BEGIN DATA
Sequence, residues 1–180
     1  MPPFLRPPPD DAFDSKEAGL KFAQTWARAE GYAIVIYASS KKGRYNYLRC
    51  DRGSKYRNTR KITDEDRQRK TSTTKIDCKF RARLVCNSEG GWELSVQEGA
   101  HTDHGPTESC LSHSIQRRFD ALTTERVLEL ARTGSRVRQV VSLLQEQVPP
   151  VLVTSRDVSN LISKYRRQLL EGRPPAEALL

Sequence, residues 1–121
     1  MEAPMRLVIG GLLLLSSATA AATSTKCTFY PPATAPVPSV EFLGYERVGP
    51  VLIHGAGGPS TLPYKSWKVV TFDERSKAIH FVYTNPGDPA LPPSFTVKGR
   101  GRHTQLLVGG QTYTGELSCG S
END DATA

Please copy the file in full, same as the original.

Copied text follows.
Sequence, residues 1–180
     1  MPPFLRPPPD DAFDSKEAGL KFAQTWARAE GYAIVIYASS KKGRYNYLRC
    51  DRGSKYRNTR KITDEDRQRK TSTTKIDCKF RARLVCNSEG GWELSVQEGA
   101  HTDHGPTESC LSHSIQRRFD ALTTERVLEL ARTGSRVRQV VSLLQEQVPP
   151  VLVTSRDVSN LISKYRRQLL EGRPPAEALL

Sequence, residues 1–121
     1  MEAPMRLVIG GLLLLSSATA AATSTKCTFY PPATAPVPSV EFLGYERVGP
    51  VLIHGAGGPS TLPYKSWKVV TFDERSKAIH FVYTNPGDPA LPPSFTVKGR
   101  GRHTQLLVGG QTYTGELSCG S